A former sea of asphalt at the foot of Pier 53 has given way to a one-acre collection of gardens and embryonic woodlands and meadows now called Washington Avenue Green.
The park was officially opened to the public during a late-morning ribbon cutting, where dignitaries praised the space not only for its beauty and the access to the waterfront it allows, but as one of the first steps in the city’s marathon goal of revitalizing the Central Delaware Waterfront.
“It’s a fantastic example of what you can do with willpower, cooperation, a former industrial site and a limited budget,” said Joe Forken, vice president of the Delaware River Waterfront Corporation, during a last minute check of the spot late Tuesday afternoon. The DRWC is the quasi-city agency that is overseeing the creation of a master plan to guide the decades-long revamping of the waterfront from Oregon to Allegheny Avenues.
The project was finished within its budget, which consists of a $500,000 grant from the William Penn Foundation, a $70,000 state Department of Conservation and Natural Resources grant given to the Philadelphia Water Department and a $30,000 federal Coastal Zone grant to the Pennsylvania Horticultural Society, which led the civic engagement for the project.
To put that $600,000 in perspective, it will cost about $4.5 million to build a more traditional civic space out of the Race Street Pier, also about an acre, Forken said. That park is expected to open this coming spring.
Washington Avenue Green is designed to be seem more natural than stylized.
Up until work started about a month ago, the entire area was a parking lot, covered with about six inches of concrete. Most of that concrete has been replaced with impervious surfaces and native plants that will help better manage rainwater. A picnic table and benches will go in one of the two spots that remains intact.
Washington Avenue Green is confined to the upland portion of the site. The pier itself, which is covered with large trees and brush, was not touched in this project.
The other large slab of concrete that remains is directly across from the pier. If a future project makes the pier into part of the park, the slab will become the access point, Biohabitats landscape architect Adam Ganser said. In the nearer future, it may serve as a base for large-scale artwork, he said.
Large square blocks made from some of the concrete that was removed has been stacked into a seating wall that overlooks one of two dendritic decay gardens, which are places where the concrete has been cut up, and grasses and flowers planted in those cracks and holes. Given enough time, the plants will further break apart the concrete.
Both of the decay gardens, and some other elements of the park, were designed by artist Stacy Levy.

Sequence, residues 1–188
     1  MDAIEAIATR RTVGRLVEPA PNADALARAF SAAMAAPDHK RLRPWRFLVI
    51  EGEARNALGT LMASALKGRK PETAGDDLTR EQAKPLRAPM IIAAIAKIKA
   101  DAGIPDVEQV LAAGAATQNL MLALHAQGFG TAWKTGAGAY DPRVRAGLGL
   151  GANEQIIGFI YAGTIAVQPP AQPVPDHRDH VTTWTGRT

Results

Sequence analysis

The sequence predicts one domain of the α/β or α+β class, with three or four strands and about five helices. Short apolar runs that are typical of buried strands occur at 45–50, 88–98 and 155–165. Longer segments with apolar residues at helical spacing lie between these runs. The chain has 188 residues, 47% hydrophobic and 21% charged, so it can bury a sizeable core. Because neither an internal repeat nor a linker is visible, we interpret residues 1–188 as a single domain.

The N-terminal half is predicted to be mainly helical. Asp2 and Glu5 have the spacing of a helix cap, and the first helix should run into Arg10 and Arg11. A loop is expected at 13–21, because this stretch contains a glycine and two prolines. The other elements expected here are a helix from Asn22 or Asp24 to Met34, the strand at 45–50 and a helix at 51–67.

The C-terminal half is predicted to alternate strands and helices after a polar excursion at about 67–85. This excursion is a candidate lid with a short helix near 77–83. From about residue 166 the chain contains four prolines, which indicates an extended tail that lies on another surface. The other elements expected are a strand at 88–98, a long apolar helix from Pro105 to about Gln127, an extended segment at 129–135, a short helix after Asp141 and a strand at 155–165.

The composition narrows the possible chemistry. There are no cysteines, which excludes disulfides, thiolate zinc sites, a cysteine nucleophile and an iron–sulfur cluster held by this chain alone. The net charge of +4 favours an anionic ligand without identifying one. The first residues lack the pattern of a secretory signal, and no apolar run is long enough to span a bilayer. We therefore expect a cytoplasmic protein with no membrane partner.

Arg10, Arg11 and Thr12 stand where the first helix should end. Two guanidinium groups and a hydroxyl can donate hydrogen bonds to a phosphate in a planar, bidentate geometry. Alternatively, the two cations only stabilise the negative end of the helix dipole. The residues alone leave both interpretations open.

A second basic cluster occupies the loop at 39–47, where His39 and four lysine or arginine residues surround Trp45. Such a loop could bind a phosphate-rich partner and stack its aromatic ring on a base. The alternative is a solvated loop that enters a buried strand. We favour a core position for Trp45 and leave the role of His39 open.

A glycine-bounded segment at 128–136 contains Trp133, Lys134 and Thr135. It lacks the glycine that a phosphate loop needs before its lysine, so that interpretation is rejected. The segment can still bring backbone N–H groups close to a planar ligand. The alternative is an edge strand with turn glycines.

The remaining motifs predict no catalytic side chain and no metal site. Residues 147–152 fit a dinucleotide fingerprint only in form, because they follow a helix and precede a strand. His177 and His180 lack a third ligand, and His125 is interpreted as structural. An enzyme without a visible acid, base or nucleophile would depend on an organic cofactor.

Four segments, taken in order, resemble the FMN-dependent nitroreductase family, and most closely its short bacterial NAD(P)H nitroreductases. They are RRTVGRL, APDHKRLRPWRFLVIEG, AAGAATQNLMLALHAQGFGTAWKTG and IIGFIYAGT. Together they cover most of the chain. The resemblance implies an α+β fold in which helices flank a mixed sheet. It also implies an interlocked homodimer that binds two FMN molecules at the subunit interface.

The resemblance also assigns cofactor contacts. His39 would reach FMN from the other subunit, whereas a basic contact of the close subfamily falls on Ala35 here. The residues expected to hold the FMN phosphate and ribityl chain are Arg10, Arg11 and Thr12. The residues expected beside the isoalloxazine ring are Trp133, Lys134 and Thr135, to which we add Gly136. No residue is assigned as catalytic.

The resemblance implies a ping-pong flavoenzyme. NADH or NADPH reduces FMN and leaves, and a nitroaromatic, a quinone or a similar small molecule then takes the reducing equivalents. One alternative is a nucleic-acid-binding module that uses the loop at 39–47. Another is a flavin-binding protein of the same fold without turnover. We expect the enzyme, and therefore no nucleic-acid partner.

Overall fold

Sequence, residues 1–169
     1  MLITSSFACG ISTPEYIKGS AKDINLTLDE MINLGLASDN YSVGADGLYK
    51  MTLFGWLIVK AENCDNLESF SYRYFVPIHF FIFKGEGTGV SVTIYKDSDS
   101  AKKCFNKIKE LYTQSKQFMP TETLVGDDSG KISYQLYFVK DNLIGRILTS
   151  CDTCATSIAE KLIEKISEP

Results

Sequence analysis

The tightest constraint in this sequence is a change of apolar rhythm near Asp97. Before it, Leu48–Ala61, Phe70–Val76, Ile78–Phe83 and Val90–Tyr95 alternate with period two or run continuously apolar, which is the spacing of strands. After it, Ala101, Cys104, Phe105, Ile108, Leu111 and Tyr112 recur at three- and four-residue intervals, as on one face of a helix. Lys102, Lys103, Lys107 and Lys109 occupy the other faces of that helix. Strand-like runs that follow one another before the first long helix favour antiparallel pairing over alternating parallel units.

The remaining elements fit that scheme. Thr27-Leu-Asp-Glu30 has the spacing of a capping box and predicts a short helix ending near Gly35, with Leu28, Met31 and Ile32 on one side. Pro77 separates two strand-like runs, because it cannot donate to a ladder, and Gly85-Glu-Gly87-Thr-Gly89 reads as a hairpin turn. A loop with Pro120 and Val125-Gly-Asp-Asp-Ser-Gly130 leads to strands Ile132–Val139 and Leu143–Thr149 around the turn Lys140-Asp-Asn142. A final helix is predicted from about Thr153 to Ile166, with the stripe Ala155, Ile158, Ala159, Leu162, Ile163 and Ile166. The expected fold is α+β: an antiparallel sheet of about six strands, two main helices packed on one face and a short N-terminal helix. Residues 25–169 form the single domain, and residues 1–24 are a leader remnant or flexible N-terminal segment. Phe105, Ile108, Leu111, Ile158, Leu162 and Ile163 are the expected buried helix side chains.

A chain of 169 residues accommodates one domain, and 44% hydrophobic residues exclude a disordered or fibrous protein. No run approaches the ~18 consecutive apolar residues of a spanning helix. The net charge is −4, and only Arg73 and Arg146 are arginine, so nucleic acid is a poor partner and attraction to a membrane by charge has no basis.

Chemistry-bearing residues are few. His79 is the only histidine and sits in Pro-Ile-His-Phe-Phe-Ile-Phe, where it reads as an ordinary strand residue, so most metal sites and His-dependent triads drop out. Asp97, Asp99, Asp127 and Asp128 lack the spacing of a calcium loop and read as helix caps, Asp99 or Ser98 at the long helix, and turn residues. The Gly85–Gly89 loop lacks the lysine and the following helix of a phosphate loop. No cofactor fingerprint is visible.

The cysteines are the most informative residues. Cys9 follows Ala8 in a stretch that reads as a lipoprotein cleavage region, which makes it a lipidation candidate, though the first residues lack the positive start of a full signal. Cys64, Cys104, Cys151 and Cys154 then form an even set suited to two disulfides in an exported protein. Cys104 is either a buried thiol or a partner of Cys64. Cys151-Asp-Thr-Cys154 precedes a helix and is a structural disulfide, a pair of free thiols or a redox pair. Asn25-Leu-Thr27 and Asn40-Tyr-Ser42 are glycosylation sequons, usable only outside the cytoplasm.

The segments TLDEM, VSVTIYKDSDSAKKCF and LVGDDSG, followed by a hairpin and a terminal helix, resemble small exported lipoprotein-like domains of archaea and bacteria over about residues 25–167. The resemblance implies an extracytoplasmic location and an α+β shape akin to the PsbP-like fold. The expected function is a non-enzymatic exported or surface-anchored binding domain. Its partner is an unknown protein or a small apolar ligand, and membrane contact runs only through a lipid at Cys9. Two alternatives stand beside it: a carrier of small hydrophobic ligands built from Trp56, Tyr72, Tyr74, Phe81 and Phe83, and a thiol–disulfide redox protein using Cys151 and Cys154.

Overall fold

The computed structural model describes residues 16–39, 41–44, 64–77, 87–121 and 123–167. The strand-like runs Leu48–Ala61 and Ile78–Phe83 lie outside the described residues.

The garden near the seating wall looks a bit like mini moon craters with plants inside. They are arranged to represent one of the Delaware’s tributaries that have been forced underground. The stream-like pattern continues to the black, permeable asphalt of the multi-purpose trail that winds through the park and will eventually tie into the East Coast Greenway. At the trail, the plant-filled craters give way to blue glass pebbles that even on a cloudy day suggested the glint of water. The symbolic stream continues past the trail in a fixed torrent of rock.
The second decay garden is easily viewed from the picnic area. The branching pattern of a river and its tributaries was cut into the pavement. The shape also suggests a tree.
The largest swaths of plantings are designed to mimic what one would find in a wild forest and meadow, Ganser said.
There are stands of large trees, including several varieties of oak, black gum and river birch. The bushes growing at the feet of these trees include viburnum, shad bush (so named because it flowers around the time the shad fish run and also called Juneberry or service berry) summer sweet and dogwoods. The bushes are met by meadows of native perennial grasses and flowers, such as little blue stem, purple love grass, echinacea, evening primrose, horsemint and aster.
These plants have mostly entered their dormant season, Ganser said. The tree leaves that remain attached are turning gold and brown. By this time next year, the trees, bushes and other plants will have grown considerably, he said, and that will continue.
“There will be a dense, full canopy within a few years,” he said. By both getting larger and self-seeding, the grasses and flowers that now dot a field of mulch will fill the space between them.
The multi-purpose trail winds through the green space at about its mid-point, but a separate branch runs over to the river. Benches will be placed there for anyone who wants to stop and watch the water, or look at the floating wetlands that were made by Philadelphians during a workshop.
The DRWC board has been careful to say that what was happening at Washington Avenue Green may not be permanent. But Forken yesterday clarified that while the future may bring changes, the space would remain a public park. “Whatever this space winds up as, it will always be an open, public spot for recreation,” he said.
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